I’m bringing out a short story collection next year and am at the editing stage at the moment. I’m a big fan of self-editing. To my mind once you pass a book over to an editor they should’ve had 95% of their work done for them. I’ve just reread my collection ten times in a row. While reading I sit with a shorthand pad and scribble down the things that are wrong or just rub me up the wrong way, then go back and fix them and then reread again from the start until there’s nothing left to change. So I feel like in my own personal Groundhog Day at the moment and have been for the last three weeks but we’re nearly done. One more read I think and then I can hand the thing over to Carrie. Odd the stages you go through with a story. You start off loving it and then your start to see its flaws and you fall out of love with it and leave it lying around for a few years and they you rediscover it, see its potential, start to take a fancy to it again, spend time on it, feel the love again and then, because you can’t stop tinkering with it, you start to actually hate the damn thing because it refuses to be perfect but something won’t let you abandon it and, eventually, you learn to be friends with it and let it go to see if it can find love elsewhere. That’s how it goes with me anyway.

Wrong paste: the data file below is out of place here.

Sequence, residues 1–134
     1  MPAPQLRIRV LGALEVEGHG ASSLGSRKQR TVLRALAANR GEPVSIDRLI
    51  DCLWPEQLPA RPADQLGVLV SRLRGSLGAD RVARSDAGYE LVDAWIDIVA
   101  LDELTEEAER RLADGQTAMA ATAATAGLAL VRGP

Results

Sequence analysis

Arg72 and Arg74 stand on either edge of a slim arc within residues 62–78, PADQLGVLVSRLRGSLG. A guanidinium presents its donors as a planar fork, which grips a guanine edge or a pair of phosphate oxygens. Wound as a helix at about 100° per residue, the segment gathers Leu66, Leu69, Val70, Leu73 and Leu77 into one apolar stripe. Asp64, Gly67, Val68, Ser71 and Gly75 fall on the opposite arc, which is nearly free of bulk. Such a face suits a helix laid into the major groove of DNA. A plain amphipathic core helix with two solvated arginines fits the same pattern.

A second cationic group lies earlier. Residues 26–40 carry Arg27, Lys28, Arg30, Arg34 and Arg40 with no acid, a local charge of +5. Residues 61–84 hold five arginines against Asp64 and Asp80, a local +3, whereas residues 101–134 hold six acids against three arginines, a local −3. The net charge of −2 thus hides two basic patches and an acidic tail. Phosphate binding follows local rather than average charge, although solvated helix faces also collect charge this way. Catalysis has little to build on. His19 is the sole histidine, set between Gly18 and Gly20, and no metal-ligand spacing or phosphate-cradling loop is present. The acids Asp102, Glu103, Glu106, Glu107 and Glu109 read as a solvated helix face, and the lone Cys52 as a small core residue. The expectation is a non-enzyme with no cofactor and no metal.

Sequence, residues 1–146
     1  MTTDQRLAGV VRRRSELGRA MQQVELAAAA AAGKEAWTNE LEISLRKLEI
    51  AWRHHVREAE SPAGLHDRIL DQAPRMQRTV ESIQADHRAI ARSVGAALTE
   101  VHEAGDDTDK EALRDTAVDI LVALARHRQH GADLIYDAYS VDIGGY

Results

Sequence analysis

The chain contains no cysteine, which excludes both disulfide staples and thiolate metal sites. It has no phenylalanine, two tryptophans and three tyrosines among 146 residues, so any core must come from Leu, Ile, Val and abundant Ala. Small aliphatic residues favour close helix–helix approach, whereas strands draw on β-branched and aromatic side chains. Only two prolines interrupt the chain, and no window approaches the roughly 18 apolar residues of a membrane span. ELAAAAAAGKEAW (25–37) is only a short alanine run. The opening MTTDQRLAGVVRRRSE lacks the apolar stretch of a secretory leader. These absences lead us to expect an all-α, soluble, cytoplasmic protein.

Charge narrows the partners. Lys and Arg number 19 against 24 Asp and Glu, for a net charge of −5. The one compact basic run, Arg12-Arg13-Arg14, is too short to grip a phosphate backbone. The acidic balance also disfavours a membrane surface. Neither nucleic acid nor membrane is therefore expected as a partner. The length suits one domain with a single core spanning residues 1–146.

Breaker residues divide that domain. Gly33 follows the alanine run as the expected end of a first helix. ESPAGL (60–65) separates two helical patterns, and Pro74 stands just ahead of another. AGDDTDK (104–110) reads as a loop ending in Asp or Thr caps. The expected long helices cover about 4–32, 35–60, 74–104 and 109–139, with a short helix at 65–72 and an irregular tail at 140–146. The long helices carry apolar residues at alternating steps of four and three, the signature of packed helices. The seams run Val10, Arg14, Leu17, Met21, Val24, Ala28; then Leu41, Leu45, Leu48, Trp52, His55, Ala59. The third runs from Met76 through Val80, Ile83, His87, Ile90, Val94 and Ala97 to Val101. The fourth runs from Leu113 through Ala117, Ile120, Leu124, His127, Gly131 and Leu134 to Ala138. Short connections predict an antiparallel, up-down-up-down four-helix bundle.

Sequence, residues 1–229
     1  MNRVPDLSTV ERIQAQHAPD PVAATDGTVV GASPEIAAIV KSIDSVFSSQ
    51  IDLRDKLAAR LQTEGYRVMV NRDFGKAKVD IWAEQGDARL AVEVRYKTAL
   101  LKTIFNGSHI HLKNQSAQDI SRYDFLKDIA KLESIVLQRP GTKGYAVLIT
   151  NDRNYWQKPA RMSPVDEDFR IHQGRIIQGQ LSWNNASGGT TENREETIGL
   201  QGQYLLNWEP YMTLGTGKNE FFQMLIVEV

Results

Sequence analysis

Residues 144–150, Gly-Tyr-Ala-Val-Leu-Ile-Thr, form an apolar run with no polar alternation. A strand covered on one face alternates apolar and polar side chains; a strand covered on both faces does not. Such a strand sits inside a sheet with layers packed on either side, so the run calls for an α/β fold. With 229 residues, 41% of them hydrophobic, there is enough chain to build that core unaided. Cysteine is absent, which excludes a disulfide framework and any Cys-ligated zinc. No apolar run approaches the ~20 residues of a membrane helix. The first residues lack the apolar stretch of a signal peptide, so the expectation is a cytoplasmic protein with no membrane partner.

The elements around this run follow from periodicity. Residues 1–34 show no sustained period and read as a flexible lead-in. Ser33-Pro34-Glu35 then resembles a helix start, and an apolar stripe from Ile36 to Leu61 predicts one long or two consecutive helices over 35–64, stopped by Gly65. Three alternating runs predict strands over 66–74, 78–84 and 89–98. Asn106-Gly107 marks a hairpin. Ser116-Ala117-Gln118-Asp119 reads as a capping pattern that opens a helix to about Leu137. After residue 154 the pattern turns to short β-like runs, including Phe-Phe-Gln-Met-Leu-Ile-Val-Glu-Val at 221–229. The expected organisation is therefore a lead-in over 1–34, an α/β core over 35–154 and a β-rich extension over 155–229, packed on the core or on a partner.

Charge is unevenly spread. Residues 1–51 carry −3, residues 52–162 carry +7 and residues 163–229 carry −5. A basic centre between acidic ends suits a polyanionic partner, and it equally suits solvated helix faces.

Good job here, though, Ken. I would’ve been dead pleased to have written this.

Ken Armstrong said...

Thanks very much Jim. I'm very pleased about that.

Like you, I thought this was a blindingly-obvious angle for a story but, like you, I haven't seen it before (honest).